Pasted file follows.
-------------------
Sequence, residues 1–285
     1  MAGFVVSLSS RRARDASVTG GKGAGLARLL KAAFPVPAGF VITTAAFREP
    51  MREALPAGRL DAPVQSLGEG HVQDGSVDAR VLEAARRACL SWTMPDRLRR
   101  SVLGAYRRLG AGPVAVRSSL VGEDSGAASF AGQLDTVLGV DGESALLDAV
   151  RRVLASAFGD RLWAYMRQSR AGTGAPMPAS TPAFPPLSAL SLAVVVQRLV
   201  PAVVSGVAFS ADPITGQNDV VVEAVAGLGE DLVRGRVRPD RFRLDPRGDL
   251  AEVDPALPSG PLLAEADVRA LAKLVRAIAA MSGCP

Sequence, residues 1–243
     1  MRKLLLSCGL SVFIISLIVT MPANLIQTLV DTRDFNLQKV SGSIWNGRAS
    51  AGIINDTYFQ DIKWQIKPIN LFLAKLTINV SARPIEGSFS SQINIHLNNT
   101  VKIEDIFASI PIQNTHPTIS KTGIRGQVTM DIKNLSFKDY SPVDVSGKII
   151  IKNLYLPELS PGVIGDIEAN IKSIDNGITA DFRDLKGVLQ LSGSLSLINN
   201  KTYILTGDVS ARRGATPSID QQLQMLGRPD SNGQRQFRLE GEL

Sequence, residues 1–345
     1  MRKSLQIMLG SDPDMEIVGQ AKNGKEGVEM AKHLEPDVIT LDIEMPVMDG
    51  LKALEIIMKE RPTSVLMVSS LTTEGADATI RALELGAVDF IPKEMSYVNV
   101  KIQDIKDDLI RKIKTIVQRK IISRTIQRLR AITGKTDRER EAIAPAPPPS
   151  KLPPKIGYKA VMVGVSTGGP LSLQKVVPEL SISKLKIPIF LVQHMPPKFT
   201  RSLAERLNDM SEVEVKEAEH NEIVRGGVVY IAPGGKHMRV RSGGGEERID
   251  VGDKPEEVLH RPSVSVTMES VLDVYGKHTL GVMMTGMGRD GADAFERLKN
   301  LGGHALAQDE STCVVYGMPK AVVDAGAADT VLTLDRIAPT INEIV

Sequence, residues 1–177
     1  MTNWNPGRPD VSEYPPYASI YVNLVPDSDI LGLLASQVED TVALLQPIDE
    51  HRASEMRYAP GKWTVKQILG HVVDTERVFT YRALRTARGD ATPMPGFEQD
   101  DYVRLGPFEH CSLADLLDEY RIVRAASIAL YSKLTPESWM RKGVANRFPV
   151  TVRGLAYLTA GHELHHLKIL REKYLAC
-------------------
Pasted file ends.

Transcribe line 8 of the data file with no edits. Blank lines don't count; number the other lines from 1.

Sequence, residues 1–243